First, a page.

Travel & Living

How to Plan for an Early Retirement

As we lean into our forties, retirement is more at the forefront of our thoughts than when we were in our twenties. In fact, polls show that people tend to predict a much younger retirement age when they’re in their thirties than they do in their forties. And although the average age most working Americans think they’ll retire is 66, they actually usually end up retiring around 61.

When you look at your savings now, retiring at even 61, much less any earlier, might seem unlikely. But with some creative financing and aggressive savings, your dream might be closer to reality than you think.

Start investing

If you live on a salary that’s not likely to change, you need to get creative with your streams of income. Look into options trading for beginners where you can buy and sell contracts based on securities. Options trading is a lower risk investment than say, futures because you can pull your options at any time you wish. In other words, you are not limited to buying or selling options as you are in stocks or futures. You can choose to simply walk away from the investment and pull out your money if it doesn’t look promising. There are also many other things you can invest in, such as real estate, peer-to-peer lending, and mutual funds, just to name a few.

Shift your focus

In order to retire early, you will probably have to change your way of thinking. For example, instead of saving for a bigger house, you might want to consider downsizing as soon as possible. And instead of planning a big vacation every year, those funds could possibly go into your retirement fund instead. Basically, you and your spouse will have to decide what is most important and focus on the primary goals. If you can live and budget as if you are already retired, you’ll be able to shift into that lifestyle much earlier than you think.

Speak to your attorney

It’s important to speak to someone who can help you plan before any type of major life change. A financial advisor can help with investments and savings, but your lawyer can help you devise trusts or other documents that might be needed to plan for your family’s future. Your attorney can also help you discover any assets you’re entitled to that you may not know about, including social security or other retirement benefits through your place of employment.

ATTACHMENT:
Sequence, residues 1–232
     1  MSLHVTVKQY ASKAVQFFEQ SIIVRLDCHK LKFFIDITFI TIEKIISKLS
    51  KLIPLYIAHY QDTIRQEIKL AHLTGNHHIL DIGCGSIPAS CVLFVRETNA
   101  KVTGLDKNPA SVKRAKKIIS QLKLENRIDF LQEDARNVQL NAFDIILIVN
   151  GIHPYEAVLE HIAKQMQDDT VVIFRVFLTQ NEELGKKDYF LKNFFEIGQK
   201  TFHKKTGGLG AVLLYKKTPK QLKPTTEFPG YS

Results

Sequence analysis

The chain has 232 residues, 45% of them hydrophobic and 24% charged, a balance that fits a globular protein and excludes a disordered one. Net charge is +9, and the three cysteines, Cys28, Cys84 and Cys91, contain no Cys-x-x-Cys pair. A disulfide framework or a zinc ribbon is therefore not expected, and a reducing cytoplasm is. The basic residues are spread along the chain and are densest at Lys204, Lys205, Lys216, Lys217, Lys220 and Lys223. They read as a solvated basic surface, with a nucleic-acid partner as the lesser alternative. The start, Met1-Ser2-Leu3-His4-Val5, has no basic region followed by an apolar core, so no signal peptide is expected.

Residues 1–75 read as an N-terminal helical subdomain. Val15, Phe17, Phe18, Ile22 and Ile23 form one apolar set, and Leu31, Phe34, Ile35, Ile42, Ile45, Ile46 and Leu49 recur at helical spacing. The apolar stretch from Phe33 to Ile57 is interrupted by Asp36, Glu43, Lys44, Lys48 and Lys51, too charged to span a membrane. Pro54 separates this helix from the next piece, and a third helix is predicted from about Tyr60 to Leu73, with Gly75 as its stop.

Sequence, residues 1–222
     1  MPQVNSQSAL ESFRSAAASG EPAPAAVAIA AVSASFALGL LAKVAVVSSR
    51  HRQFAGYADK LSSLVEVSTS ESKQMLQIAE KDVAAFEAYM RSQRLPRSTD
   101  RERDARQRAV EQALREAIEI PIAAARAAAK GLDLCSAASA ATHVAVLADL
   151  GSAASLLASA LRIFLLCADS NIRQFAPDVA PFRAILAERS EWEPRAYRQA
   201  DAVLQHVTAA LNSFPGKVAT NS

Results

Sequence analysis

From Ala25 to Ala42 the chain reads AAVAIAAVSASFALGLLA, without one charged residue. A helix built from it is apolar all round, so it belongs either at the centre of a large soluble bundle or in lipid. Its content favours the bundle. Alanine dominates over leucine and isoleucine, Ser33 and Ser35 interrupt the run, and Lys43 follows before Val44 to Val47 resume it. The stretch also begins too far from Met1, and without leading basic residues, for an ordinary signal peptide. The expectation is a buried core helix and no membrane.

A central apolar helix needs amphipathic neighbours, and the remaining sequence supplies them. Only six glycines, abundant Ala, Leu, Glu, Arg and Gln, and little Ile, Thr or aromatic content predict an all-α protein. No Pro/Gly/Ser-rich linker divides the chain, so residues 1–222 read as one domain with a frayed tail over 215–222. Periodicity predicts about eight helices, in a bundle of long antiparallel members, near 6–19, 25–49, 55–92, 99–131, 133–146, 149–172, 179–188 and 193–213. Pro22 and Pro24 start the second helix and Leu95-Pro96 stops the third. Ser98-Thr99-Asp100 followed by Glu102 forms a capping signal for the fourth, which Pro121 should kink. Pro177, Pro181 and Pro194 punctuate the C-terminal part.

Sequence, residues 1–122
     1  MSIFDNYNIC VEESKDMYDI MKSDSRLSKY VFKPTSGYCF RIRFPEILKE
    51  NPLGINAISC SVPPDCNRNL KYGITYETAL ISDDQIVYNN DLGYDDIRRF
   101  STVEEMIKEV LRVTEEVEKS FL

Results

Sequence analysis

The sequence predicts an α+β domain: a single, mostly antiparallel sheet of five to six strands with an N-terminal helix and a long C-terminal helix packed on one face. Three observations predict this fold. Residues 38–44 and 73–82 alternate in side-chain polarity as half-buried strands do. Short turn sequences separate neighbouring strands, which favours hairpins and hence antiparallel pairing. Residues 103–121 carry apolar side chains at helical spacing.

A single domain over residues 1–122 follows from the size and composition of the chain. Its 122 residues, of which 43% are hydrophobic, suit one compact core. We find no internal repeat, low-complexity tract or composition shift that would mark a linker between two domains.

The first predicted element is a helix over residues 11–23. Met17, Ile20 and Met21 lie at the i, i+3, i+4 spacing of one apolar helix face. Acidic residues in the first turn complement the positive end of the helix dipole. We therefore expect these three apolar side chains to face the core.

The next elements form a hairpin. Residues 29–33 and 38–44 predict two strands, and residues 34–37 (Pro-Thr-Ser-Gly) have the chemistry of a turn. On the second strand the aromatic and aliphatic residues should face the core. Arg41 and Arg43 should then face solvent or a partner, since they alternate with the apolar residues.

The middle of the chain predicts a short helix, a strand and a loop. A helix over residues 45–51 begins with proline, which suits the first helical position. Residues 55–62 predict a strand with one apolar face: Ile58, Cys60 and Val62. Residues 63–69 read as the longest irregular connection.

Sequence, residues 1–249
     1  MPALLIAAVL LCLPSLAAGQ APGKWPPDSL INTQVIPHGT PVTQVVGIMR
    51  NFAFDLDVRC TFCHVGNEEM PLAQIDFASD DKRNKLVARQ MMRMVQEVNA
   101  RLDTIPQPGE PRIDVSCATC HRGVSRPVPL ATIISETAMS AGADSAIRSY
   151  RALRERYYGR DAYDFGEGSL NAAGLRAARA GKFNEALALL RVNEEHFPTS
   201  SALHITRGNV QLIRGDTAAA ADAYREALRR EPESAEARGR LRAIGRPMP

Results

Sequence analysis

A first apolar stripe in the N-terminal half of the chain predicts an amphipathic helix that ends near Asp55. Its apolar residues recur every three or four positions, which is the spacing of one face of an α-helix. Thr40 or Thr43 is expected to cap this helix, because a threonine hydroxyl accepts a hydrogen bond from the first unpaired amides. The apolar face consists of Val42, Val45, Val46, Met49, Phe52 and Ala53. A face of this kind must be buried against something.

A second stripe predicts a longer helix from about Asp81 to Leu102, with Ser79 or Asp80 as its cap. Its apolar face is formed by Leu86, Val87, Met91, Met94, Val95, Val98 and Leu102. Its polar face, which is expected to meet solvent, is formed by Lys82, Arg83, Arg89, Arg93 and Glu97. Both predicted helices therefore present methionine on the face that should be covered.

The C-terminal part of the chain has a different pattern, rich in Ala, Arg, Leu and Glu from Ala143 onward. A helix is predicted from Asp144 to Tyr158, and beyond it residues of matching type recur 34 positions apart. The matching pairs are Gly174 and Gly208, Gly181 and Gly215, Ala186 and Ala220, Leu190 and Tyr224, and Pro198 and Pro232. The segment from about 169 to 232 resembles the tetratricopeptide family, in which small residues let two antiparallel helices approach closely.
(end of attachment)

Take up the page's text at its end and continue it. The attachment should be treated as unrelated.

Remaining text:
Consider partial retirement

Not only does leaving your job usually leave you with a lower income, it can also have a profound effect on you psychologically. Transitioning into retirement can leave you feeling like a “nobody” or of little importance. It can also be a lot more boring than you imagined. So, instead of transitioning suddenly from a productive member of the workforce to someone who lays on the beach all day, it might be better to make the change gradually.

Start out with a shift to part-time or contract work or find a job you can do from home. For example, if you are a teacher, consider becoming a substitute and working a couple of days a week. Or teach online for one of the many online high schools or universities who need instructors. Working part-time can help you retire sooner since you won’t be giving up 100 percent of your income.

The most important thing to do when deciding to retire young is to save aggressively. This means paying yourself first and socking back investment earnings. The earlier you start, the sooner you can retire.

I Started out in 1976 trying out to sing in bands but no bands were interested in me. In 1977 I started playing guitar. The individual that was teaching me (who for now will remain anonymous) told me that I would NEVER learn how to play guitar because I had no sense of rhythm. I joined my first band in 1978 called "Dead Center" in Jacksonville, Florida. I played an Aspen guitar, black; a Les Paul copy and in 1981. I gave that guitar to the teacher who said I'd never learn to play. I wrote my first song in 1979 or '80. Over the years I have been in many bands but my passion has been songwriting. I have written well over 100 songs and though the early ones were kind of rough around the edges, I think that most of them could be dusted off and given a new facelift. Today I am still working on my songs. Currently I can play guitar, bass, keyboard, drums, harmonica, and Native American flute. The flutes that I play are ones that I made myself. My guitars are the Epiphone G-400 faded, an Ibanez RG370 DX, an Epiphone G 1275 double neck guitar. My acoustic guitars are an Alvarez 12 string and an old Kay guitar. My drum set is a Peace drum set. I do my recording on a Zoom HD16.
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